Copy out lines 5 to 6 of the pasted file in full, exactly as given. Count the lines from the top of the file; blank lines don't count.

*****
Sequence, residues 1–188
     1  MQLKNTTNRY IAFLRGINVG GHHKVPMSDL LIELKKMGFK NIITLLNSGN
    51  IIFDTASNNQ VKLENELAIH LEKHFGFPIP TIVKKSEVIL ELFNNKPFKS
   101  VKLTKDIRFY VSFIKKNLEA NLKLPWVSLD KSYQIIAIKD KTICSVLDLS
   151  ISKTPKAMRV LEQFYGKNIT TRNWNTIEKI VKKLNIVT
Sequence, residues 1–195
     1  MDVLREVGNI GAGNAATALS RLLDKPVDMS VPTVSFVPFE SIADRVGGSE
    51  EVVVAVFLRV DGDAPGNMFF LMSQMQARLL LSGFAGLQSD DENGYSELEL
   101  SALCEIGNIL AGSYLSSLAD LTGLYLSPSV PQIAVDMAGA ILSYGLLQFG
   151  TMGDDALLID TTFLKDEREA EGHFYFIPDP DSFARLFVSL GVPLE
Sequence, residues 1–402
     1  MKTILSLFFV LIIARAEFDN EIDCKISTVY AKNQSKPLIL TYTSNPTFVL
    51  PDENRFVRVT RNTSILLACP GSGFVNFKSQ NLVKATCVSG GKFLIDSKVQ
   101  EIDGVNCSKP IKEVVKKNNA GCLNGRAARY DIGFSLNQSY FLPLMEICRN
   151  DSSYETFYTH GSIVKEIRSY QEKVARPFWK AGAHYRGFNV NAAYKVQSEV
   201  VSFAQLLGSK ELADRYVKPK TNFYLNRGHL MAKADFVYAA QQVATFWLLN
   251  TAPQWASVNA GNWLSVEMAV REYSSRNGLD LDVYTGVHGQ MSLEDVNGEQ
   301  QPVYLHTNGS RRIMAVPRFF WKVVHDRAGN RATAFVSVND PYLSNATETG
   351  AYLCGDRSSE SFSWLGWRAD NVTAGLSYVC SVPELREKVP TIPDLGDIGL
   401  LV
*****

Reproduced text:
   151  ISKTPKAMRV LEQFYGKNIT TRNWNTIEKI VKKLNIVT
Sequence, residues 1–195